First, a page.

Now you get to put the dome together - it'll be as easy as legos, vero?


                    • #70


                      A bit late to the fray, but you might have been able to salvage more of the old blocks by renting a large Hilti or Bosche hammer drill, with a suitably sized bit. Then, you could have drilled out the mortar and pushed the blocks out, or at least as many as you needed. Although your line of block appears to be holding, I suggest that you put in some sort of header, like a flat piece of iron to span the gap, just to be on the safe side. You could drill out the mortar on each side and remortar it in place.

                      Work like this is just great for the back, ain't it.

                      "Made are tools, and born are hands"--William Blake, 1757-1827


                      • #71
                        My back, my neck,

                        and a broken blister from the five minutes I forgot to wear gloves. Yikes.

                        I plan to support the row of blocks with a re-inforced concrete header for supporting the masonry chimney. The new lintel should take all the weight, and keep the existing bricks intact.

                        Plan B on the window opening is to fill it with glass block. The wavy texture will complement the "rustic" blocks, and let some more light into the workshop.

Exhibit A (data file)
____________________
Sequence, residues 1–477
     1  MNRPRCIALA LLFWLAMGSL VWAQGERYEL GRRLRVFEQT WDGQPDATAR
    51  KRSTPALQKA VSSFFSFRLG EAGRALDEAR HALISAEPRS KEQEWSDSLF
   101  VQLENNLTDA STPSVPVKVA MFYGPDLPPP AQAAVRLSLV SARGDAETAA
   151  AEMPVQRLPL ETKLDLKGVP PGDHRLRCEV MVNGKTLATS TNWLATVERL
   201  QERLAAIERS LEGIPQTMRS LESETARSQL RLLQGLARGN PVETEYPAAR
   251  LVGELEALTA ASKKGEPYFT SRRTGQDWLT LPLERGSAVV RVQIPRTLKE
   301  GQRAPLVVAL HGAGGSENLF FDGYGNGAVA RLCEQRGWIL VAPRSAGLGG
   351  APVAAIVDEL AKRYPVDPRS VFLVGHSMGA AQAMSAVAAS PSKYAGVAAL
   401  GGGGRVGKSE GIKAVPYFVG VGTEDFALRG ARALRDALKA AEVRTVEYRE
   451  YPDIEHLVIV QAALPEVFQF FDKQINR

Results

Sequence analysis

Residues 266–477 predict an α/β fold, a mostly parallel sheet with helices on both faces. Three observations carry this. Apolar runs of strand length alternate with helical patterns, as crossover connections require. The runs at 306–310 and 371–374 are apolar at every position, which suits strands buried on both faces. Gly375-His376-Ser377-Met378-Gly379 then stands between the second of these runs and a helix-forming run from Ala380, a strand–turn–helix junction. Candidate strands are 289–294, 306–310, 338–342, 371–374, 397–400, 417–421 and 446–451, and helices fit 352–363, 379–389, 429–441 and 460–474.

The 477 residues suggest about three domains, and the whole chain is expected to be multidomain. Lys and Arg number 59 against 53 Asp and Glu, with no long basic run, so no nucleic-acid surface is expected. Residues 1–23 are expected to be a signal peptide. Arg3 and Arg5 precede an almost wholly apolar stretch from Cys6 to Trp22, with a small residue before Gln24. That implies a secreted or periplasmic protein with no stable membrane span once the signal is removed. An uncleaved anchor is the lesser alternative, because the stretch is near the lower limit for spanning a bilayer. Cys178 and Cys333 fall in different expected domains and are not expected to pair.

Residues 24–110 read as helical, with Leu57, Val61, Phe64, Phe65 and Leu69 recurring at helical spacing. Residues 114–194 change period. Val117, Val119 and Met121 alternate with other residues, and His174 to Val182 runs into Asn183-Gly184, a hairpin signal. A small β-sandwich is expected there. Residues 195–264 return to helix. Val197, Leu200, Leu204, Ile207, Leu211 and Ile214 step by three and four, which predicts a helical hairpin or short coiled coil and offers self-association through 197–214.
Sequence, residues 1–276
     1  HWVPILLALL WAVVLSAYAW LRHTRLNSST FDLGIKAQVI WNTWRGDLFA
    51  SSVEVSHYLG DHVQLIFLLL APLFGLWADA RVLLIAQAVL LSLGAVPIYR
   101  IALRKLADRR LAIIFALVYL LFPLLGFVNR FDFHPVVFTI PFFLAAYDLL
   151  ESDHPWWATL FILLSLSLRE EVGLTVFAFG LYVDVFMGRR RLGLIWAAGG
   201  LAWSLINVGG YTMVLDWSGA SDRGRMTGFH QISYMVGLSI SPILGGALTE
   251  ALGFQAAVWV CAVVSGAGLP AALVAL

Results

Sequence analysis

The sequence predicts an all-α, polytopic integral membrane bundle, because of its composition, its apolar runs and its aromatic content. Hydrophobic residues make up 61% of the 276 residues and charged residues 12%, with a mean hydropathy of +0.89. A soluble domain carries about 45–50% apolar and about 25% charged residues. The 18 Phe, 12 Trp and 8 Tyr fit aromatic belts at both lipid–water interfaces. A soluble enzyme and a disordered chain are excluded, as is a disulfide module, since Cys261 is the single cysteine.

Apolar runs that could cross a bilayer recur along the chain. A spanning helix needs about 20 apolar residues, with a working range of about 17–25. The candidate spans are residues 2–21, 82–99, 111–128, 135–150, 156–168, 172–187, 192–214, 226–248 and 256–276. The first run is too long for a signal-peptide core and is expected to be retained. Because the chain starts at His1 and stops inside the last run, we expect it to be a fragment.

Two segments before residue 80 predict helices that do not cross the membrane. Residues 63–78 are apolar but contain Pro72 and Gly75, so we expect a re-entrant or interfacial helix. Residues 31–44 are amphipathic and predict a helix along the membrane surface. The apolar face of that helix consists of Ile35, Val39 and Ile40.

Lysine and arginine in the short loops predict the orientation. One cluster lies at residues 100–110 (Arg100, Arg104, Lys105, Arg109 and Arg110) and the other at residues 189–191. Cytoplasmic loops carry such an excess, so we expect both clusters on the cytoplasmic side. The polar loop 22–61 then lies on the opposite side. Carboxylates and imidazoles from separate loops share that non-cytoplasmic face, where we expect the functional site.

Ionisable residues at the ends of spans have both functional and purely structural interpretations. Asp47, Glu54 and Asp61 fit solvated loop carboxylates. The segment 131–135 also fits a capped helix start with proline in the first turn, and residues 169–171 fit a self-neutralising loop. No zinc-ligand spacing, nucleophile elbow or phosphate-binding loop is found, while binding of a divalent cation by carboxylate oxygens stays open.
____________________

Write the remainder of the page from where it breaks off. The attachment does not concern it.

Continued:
Did you know that glass blocks are ten bucks apiece? Off to eBay.
                        My geodesic oven project: part 1, part 2


                        • #72

                          Kind sir. I covet the consistency of your refractory mortar. Pray tell, how did you make such fine mud?


                          • #73
                            Heat Stop 50

                            Heat Stop 50 is a dry pre-mixed refractory mortar. It's a brand name, and I suspect that the stuff that James sells is a similar product. I've only ever used Heat Stop, and the reason is that it's just great. It mixes easily with just a bit of water to a peanut butter consistancy, spreads like a dream, and sticks firebricks together strongly, and with a water resistant bond.

                            Here's the link.

                            I get mine from Progressive Brick in northern NJ, who also sells red firebrick and the superior clay rumford throats. It's fifty bucks for fifty pounds, and this expense is part of why I used the cut-every-brick geodesic plan.